Let $f$ be a real-valued $C^2$ function in $\mathbb{R}^2.$ By Second partial derivatives, we know that if the Hessian is negative definite (equivalently, has all eigenvalues negative) at a, then $f$ attains a local maximum at a.

My question is about necessary condition for local maximum.

One of necessary conditions for local maximums is that its Hessian is negative semidefinite.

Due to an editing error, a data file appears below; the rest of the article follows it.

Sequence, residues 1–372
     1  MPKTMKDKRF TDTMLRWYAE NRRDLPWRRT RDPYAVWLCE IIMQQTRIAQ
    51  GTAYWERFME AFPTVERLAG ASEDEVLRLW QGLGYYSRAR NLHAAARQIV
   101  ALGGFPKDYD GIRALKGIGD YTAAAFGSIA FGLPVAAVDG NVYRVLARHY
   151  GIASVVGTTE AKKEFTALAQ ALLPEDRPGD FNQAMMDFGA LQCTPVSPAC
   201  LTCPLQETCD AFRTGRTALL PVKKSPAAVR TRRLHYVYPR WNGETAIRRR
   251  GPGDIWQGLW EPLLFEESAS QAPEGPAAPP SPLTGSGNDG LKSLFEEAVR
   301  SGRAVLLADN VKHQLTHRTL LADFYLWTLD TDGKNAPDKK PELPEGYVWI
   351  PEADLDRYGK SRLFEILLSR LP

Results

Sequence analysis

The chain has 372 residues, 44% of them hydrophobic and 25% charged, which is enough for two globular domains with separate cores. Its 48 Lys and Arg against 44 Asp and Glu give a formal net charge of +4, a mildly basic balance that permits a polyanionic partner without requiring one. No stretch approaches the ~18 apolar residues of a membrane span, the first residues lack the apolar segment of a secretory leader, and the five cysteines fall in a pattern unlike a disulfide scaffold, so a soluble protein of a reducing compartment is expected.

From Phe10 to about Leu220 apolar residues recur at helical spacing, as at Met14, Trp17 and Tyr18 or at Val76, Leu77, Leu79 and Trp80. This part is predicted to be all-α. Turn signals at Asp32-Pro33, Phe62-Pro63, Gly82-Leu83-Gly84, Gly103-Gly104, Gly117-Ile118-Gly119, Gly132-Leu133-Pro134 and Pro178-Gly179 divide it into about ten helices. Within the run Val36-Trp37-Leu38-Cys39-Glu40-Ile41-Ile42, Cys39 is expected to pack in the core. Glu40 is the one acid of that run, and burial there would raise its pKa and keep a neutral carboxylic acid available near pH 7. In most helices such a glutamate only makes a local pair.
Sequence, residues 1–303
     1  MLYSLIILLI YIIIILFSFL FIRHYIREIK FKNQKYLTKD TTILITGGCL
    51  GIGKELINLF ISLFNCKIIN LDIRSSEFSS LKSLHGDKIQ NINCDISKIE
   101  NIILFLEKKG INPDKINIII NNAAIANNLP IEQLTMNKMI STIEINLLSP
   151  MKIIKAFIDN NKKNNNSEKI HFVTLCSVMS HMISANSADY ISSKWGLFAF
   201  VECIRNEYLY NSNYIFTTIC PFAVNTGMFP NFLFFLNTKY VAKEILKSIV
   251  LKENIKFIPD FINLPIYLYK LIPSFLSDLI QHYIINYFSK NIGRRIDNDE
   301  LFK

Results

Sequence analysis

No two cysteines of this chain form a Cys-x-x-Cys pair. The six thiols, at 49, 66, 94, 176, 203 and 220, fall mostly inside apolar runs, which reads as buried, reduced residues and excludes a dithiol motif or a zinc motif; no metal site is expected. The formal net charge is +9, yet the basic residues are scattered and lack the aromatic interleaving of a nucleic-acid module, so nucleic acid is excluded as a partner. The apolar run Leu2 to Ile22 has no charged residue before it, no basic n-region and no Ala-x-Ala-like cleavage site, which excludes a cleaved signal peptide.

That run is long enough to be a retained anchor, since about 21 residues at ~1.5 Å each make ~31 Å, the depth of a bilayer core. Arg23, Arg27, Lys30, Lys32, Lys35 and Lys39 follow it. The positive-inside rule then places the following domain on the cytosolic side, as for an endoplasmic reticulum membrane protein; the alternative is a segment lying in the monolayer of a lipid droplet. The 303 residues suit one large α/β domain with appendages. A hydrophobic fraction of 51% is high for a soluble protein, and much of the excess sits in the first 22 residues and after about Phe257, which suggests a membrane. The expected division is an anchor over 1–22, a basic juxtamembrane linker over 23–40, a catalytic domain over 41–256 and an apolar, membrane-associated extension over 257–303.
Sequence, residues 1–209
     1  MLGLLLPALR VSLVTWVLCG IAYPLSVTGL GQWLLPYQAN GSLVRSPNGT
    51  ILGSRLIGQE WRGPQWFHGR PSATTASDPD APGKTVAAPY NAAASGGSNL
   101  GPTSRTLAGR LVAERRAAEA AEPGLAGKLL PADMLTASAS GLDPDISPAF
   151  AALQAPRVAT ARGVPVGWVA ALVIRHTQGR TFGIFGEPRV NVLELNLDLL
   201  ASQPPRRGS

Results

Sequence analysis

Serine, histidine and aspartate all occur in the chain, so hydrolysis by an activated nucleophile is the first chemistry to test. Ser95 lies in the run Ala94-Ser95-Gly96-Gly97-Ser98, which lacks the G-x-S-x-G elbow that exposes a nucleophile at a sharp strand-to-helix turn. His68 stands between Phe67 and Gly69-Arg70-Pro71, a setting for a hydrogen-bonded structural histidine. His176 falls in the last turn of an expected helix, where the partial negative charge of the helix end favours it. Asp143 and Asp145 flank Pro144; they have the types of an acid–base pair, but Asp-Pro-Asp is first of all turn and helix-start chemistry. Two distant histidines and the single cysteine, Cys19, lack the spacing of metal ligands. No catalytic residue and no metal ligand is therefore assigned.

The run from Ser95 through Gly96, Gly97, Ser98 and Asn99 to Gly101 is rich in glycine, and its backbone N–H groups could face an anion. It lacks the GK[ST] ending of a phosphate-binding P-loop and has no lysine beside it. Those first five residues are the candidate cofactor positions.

I was wondering if the following is true:

If $f$ is $C^2$ and has a local maximum at $x,$ then all second partial derivatives at $x$ are nonpositive.

Please let me know if you have any comment of it. Thanks in advance!


No, this is not correct. If $f(x,y)=2xy-x^2-y^2$, then $f(x,y)\leq f(0,0)$ for all $x,y$, but $\frac{\partial^2f}{\partial x\partial y}(0,0)=2>0$.


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